I have a fresh new Cent OS 6.3 server running the latest Virtualmin 3.92.gpl with all the latest package updates (all’s been running wonderfully for a good month or so now!) I keep an eye on it with Logwatch (highest level of detail). Recently I saw something which really worried me, and try as I might to understand where the default Virtualmin Postfix configuration may be amiss (by reading the Postfix docs), I cannot see how this is happening.
I saw this line first thing this morning:
20 Sent via SMTP ---------------------------------------------------------------------------
The other 19 emails (not included in the details above) are ones I sent, but the one detailed above I most certainly did not send, yet it appears to have gone through. Which sounds as though my server may have sent on some spam, unbeknownst to me!
Is there something I’m missing in the default Postfix configuration that is allowing someone to send the odd piece of spam through my server? I use SSL with both incoming/outgoing mail and so my usernames/passwords have never gone across to the server unencrypted (and it’s just my domains on this server so no one else could’ve had their login details compromised).
Thanks for any input, I really appreciate it… the last thing I want is to be a vector for spam!!
It wouldn’t be possible for a non-authenticated user to relay email via your server on a default install.
The two most common ways that would happen are if a spammer broke into a web application on your server, and is sending spam via that application; or if one of your users has a PC that’s infected, and is sending spam via their PC.
You should be able to use your email logs in /var/log/maillog to determine roughly where the email came from – whether it was send locally, or whether someone connected remotely, authenticated, and then sent it.
Thanks so much for your response! I’m the only one connecting to this server, and I don’t think my Mac (latest OS X) is infected, as I use ClamXAV for protection, as well as running Little Snitch as a firewall to check any outgoing packets in detail. The only web apps installed on the server are up-to-date Wordpress installs.
Here are the related mail log lines, where I do see “status=sent” on the last one… I’m still getting accustomed to reading these logs, can you help me understand whether someone is connecting remotely or not from this information? And if so, what I might be able to do with my Postfix configuration to prevent their connections?
Jul 18 05:27:02 hive postfix/qmgr: 89E5D4C540D2: firstname.lastname@example.org, size=48993, nrcpt=1 (queue active)
Jul 18 05:27:02 hive postfix/qmgr: 40CDA4C5415E: email@example.com, size=49141, nrcpt=1 (queue active)
Jul 18 05:27:05 hive postfix/smtp: 2C12B4C5418D: firstname.lastname@example.org, relay=mail.atayatirim.com.tr[184.108.40.206]:25, delay=2.1, delays=0/0/0.99/1.1, dsn=2.0.0, status=sent (250 OK 1F/0E-03357-89BA6005)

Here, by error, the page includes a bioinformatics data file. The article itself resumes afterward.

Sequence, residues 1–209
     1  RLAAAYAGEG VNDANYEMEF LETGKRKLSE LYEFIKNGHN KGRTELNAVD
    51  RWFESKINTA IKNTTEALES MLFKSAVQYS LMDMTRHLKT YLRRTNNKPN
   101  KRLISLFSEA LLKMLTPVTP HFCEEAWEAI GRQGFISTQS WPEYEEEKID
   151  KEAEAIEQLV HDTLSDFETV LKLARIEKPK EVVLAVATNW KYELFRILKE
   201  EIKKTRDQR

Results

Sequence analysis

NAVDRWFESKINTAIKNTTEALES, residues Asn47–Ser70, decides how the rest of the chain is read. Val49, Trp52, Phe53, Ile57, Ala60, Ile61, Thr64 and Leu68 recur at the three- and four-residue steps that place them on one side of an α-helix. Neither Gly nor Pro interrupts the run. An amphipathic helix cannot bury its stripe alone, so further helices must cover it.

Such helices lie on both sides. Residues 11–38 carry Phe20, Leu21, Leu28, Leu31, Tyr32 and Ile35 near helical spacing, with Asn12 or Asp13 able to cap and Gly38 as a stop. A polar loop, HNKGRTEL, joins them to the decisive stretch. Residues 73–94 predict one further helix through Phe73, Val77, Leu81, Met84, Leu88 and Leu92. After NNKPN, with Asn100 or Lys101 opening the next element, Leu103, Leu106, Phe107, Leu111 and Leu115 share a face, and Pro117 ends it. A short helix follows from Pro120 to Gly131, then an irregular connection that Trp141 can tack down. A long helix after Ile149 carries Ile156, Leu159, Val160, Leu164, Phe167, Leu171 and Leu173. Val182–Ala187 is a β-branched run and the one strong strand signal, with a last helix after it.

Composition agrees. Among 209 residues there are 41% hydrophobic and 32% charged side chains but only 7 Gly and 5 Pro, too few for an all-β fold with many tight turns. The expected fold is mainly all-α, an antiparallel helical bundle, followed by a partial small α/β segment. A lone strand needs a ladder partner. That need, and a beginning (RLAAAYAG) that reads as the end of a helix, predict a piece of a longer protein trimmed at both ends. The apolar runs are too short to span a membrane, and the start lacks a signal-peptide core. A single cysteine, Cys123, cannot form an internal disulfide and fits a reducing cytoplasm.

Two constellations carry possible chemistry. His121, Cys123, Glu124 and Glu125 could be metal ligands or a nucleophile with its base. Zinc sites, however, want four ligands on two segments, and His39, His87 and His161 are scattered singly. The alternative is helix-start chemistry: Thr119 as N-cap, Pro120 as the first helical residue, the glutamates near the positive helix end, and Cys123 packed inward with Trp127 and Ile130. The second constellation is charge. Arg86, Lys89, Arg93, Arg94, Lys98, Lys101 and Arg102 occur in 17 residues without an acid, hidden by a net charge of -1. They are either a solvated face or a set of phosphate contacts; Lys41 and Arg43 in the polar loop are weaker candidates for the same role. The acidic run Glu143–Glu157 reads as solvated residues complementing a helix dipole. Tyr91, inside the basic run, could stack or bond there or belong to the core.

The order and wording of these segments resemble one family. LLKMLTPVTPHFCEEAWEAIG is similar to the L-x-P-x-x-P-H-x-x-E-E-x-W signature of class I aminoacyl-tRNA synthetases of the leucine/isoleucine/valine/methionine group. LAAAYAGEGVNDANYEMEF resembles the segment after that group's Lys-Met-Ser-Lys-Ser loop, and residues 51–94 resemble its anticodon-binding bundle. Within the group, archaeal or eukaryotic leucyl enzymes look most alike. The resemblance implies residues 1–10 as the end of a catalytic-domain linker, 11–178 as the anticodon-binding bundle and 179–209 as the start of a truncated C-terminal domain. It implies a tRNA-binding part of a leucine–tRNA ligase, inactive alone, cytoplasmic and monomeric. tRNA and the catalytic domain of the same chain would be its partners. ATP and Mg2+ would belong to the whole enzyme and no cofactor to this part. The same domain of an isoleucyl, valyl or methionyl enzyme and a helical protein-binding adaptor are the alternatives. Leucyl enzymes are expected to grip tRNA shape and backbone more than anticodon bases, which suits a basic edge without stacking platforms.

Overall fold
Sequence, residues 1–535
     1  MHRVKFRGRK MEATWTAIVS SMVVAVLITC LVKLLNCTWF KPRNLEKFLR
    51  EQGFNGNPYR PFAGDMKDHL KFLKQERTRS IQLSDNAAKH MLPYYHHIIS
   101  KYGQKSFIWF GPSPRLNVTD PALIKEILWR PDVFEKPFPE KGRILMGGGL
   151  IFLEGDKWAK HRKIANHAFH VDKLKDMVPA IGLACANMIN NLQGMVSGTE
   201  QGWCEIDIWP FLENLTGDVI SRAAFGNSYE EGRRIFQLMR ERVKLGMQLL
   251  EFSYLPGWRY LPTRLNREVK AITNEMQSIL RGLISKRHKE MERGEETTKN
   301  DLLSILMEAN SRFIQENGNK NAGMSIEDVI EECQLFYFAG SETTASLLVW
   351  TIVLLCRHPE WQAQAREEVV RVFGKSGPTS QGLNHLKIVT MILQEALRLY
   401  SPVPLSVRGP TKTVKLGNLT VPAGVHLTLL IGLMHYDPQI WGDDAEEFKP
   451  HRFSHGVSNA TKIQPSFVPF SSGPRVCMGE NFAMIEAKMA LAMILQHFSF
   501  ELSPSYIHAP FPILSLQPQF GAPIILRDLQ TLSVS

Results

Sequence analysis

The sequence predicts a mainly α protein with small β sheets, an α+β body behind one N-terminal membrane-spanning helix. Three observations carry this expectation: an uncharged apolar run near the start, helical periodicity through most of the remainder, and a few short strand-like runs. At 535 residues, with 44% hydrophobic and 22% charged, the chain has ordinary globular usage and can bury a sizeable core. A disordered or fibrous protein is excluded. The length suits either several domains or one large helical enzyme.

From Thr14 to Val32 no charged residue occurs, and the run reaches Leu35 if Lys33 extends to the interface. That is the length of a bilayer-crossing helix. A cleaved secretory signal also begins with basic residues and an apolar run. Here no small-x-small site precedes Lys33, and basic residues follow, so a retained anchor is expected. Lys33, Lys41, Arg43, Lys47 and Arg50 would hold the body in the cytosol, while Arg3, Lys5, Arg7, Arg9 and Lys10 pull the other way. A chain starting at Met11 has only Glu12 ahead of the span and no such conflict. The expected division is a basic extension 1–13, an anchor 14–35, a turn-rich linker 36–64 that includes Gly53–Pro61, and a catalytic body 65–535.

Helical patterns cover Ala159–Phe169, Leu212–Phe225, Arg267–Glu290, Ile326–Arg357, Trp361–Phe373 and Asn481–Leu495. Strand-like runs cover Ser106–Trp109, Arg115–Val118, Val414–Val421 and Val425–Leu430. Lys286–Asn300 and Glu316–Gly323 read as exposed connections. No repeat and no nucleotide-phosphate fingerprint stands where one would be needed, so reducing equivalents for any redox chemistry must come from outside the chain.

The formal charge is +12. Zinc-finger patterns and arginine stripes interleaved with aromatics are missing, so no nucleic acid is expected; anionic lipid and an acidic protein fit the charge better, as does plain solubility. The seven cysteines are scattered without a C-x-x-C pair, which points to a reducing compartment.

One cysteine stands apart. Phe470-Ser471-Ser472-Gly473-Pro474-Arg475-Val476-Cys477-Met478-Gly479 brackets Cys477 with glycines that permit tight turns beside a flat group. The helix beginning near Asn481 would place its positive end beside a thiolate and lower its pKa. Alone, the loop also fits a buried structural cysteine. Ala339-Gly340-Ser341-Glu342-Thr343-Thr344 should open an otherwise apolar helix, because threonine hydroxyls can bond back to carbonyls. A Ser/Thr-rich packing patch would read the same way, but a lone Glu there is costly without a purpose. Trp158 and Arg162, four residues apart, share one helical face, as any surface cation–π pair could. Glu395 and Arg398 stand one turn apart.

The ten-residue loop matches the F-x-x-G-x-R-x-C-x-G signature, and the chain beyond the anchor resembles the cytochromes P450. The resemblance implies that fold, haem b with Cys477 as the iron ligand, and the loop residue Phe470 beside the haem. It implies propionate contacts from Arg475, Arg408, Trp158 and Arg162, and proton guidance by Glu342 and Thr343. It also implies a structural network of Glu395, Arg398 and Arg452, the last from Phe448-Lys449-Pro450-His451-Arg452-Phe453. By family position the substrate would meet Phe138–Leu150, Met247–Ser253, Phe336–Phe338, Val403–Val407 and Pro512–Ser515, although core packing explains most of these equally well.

Thanks again so much for your help!!
The key would be to see where the connection for those two emails came from… it’s showing there that the message ID’s for those two messages are 89E5D4C540D2 and 40CDA4C5415E.
What you’d want to do is look in your logs for the initial connection to Postfix for those ID’s, and see what the connecting IP address is.
Ah, thank you! I hadn’t realized I could look up those message ID’s in the logs (I hadn’t realized that’s what those keys were in fact). I now see what happened: there’s one email box on my server that forwards to an account at Gmail. Even with Spam Assassin deleting everything above a score of 10, occasionally a piece of spam comes in between 5 (the threshold) and 10 (flagged as such in the subject line)… these are often false positives, which is why I check them manually. But in this case, such a piece of spam (scoring between 5-10) was forwarded onto Gmail. It had an attachment that Gmail recognized as spam and rejected, bouncing the email back to my server as non-deliverable. My server then delivered the non-delivery notice on to that email address above in question (the alleged sender, but likely just some random email address the spammer picked).
I guess it would be nice not to have bounced that non-delivery notice on, but I don’t think there’s an easy way around it, as this was a potential rather than known piece of spam, and generally speaking I do want to know when outgoing messages bounce. It only became an issue with the forwarding to Gmail, which refused the message as spam even though my server accepted it; I won’t be needing that forward too much longer, so that should resolve the situation.
Thanks again for all your help… now I know how to troubleshoot this sort of thing properly myself! The key is in the mail logs and message IDs, of course